The Supreme Court rules in a recent decision over different bankruptcy incidents. The first relates to a work contract to supply materials in which a penalty clause for late work is established, and the ability to execute the works under the guarantee provided in the contract if the contractor may not execute them. Having a delay in delivery of the work and having entrusted to another company the repair works, the owner claimed the payment of the amounts and compensation with the guarantee held.
The First and Second Instance decisions declared that the payment was due but compensation did not proceed pursuant to article 58 of the bankruptcy Act. However, the Supreme Court considered that compensation applied because Article 58 would not be applicable when the compensation occurred as a result of the liquidation of the same contractual relationship and, therefore, the owner of the work could apply those amounts withheld to pay the compensation for delay.
The second incident requested the termination of payment made to one of the Directors of the bankrupt company before the company was declared in insolvency. The Supreme Court confirmed the decision of first and second instance, because improper remuneration of a Director could not be considered as an ordinary act of the company performed in normal conditions. It is also considered improper because the remuneration of directors is subject to the achievement of benefits and, in this case, it was agreed even though there had been no profits.
Finally, the third bankruptcy incident requested, on the one hand, the cancellation of the meeting held in suspect period, in which the payment of dividends was agreed, and, on the other hand, the agreed dividends prior to this period but satisfied afterwards.
The Court of First Instance, which decision was subsequently confirmed by the Provincial Court, terminated the agreement because the company had significant losses, so the payment of dividends was not justified. With regards to the payment of dividends that the company agreed to in the meeting out of such period, the agreement could not be subject to termination as it was indeed for the payments made afterwards.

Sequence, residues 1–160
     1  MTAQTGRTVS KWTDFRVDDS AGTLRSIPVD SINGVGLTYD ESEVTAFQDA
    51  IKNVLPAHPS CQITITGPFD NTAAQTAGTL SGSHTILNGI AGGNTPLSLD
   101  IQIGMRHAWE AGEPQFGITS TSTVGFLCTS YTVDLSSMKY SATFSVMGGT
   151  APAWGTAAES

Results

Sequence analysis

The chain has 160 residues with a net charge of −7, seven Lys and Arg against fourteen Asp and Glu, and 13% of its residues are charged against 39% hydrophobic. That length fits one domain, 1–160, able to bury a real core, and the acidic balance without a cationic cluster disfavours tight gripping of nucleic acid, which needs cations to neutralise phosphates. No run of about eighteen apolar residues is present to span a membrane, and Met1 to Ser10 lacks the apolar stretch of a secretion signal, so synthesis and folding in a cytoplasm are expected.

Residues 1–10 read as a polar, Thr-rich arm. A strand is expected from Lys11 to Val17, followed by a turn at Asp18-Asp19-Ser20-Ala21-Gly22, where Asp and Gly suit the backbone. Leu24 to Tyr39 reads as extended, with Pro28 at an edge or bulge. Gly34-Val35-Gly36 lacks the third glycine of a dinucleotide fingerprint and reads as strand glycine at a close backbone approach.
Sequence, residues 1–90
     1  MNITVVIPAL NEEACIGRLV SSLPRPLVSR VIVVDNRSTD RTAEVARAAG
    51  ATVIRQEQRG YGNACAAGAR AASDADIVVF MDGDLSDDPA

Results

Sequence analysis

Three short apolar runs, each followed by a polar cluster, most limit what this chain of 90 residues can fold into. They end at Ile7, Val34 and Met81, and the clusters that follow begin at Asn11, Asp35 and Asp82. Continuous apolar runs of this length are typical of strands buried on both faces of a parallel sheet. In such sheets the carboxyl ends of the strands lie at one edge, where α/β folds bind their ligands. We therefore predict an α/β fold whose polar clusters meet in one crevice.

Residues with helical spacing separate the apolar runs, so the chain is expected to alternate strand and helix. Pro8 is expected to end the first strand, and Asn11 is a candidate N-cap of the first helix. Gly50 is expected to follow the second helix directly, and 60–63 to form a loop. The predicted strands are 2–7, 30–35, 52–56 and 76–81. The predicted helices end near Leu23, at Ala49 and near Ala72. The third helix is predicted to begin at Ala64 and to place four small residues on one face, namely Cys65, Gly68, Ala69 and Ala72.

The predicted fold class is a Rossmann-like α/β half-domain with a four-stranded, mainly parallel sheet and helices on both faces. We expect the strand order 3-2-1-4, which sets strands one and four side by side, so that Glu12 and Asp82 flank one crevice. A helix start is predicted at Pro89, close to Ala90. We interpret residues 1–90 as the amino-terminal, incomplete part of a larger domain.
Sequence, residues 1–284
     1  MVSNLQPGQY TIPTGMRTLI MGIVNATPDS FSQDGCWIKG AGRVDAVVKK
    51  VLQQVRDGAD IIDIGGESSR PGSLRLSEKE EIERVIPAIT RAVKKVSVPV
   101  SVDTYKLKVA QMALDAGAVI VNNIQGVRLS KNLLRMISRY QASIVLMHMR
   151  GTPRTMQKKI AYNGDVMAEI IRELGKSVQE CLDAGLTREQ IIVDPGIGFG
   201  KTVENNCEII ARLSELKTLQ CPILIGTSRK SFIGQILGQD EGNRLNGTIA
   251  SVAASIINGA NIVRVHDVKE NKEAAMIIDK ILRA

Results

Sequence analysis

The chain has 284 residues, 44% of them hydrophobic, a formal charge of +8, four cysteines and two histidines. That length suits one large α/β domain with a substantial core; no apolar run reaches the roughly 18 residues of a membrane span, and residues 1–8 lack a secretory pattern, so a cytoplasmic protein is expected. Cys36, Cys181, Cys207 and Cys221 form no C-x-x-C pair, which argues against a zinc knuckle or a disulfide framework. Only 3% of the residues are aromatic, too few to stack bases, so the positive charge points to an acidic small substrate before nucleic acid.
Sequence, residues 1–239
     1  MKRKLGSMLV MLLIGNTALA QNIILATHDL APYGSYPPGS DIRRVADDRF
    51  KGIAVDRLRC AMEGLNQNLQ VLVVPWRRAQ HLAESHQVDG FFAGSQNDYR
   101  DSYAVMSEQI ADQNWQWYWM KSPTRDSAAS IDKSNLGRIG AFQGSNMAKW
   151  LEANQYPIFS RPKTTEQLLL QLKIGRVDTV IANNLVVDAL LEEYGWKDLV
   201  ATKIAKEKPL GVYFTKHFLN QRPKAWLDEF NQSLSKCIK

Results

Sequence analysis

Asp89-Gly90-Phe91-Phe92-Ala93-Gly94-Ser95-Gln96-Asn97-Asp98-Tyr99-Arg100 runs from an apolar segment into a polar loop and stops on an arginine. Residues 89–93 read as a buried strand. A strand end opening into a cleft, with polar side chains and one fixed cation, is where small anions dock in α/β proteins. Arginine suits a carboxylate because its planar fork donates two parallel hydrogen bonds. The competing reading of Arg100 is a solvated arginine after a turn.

The Supreme Court confirmed the previous decisions and concluded that, with regards to the first case, damages should be considered in the “irregular” distribution agreement as the company gathered significant losses and confirmed the cancellation of such meeting because the undoubted asset sacrifice representing the attribution of this right of the shareholders was unwarranted as a result of the aforementioned “irregularity”.
In the second case, it also confirmed the termination of payments made during the suspect period as the recipients of the payments were people related to the insolvent company and, therefore, there was a presumption of prejudice in their actions. It was also because of the nature of the credits as well as the fact than when those were satisfied, the company had significant losses that made the payment unjustified, even if those payments were due. The judgment concluded that the termination only affected the payment, thus the receiver of the money paid was obligated to make the repayment with interest but without losing its right to credit, which, as it was previous to the insolvency proceedings would be considered included within the bankruptcy proceedings. The termination of payment did not entail the repayment of the contributions of shareholders because there was not a reciprocal relationship between them.